The panel of experts provide their closing thoughts, highlighting unmet needs and treatments on the horizon for MDS.
Ryan Haumschild, PharmD, MS, MBA: One thing I think about is the unmet need as we continue the management of myelodysplastic syndrome [MDS]. For us, in integrated delivery networks and community oncology practices, 1 unmet need is our ability to review patients and make sure we’re practicing the best practice. What I mean is that it’s not that we’re not doing best for the patient, but are we dose titrating soon enough? Are we transitioning patients between therapies fast enough? If a patient needs a dose escalation, are we doing that in a timely manner and monitoring our data to make sure? Let’s say 71% of patients get a dose escalation during their treatment and we’re seeing only 40%. How do we explain that difference? How do we make sure we’re providing that to our patients? I want to pose this question to both of you. Ms Mahmoudjafari, what are the unmet needs in terms of the management of myelodysplastic syndrome?
Zahra Mahmoudjafari, PharmD, BCOP, DPLA: We have lots of opportunities. We have the opportunity for utilizing novel therapeutics and targeting difficult-to-treat patient populations, not only high-risk patients but also patients with failed supportive care or standard care. For our high-risk patients, the majority of whom are ineligible to safely receive transplant—we’ve already established this is the only potential cure—we have a significant challenge with disease relapse if they’re not able to receive any transplants. The novel therapeutic is my choice in terms of unmet needs.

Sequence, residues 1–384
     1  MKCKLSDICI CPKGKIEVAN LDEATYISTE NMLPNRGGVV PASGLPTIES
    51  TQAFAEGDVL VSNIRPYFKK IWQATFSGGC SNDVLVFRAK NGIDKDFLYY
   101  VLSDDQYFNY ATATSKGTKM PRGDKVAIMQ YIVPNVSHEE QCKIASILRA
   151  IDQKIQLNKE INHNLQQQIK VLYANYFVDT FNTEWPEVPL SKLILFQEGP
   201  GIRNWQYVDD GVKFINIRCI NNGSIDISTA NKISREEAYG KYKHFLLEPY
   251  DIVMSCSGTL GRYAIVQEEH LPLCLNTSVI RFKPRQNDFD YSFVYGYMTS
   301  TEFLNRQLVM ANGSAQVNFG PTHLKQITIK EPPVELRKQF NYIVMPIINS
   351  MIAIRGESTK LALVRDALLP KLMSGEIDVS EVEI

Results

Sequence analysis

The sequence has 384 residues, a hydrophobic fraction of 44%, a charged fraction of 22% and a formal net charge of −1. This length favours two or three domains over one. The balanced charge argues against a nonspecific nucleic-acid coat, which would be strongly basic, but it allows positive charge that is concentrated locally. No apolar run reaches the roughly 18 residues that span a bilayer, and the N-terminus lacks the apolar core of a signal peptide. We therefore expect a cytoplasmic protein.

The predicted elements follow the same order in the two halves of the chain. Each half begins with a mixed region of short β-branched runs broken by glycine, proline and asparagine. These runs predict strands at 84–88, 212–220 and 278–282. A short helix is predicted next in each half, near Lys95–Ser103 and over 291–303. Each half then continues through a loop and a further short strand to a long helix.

Ryan Haumschild, PharmD, MS, MBA: Mr Mancini, I’ve got to get your input on this question as well. What are some of the remaining unmet needs in MDS?
Robert Mancini, PharmD, BCOP, FHOPA: Ms Mahmoudjafari beat me to the punch on that. The other thing, going back to what we talked about in the context of the guidelines, is teasing out some of those patient-specific factors in terms of outcomes for some of those more intermediate-risk groups. If we can figure out what might stratify them in 1 group vs another, I think back to when we had the Oncotype DX conversation about that middle group. Do we do treatment? Do we not do treatment for those that wouldn’t fall into high or low risk? There’s always going to be a gray area. We need to put more time, effort, and research into how to tease out some of those patient-specific factors that allow us to further segment our intermediate-risk patients.